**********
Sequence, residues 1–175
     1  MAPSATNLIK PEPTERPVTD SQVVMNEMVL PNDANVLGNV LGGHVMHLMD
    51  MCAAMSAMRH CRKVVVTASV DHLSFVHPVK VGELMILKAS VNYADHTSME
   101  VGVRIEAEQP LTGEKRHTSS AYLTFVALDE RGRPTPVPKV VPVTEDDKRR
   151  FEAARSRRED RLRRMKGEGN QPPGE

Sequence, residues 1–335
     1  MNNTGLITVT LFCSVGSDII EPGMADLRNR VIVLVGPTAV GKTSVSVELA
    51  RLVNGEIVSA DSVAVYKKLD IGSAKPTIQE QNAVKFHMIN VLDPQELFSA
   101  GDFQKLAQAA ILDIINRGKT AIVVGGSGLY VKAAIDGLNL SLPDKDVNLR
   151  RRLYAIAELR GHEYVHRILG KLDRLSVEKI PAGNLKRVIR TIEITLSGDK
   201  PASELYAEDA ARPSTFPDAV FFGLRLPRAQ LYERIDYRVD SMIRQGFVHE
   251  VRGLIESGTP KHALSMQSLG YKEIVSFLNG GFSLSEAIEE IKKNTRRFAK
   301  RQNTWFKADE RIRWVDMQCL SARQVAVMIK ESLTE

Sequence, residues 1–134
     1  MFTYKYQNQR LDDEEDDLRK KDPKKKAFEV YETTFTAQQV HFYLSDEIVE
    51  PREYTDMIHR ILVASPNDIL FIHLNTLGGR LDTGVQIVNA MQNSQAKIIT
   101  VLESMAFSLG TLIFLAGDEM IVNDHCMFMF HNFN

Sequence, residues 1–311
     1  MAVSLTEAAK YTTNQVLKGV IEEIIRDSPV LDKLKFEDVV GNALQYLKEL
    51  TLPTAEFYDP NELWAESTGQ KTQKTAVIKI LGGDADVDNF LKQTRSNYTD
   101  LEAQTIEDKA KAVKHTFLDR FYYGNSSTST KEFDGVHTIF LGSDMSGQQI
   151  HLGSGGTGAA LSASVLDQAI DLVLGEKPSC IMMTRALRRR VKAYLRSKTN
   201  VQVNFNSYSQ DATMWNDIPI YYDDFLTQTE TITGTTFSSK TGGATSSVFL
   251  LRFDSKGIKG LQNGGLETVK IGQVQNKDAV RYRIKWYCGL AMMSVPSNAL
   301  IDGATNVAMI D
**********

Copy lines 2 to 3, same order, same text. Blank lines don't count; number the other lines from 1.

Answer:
     1  MAPSATNLIK PEPTERPVTD SQVVMNEMVL PNDANVLGNV LGGHVMHLMD
    51  MCAAMSAMRH CRKVVVTASV DHLSFVHPVK VGELMILKAS VNYADHTSME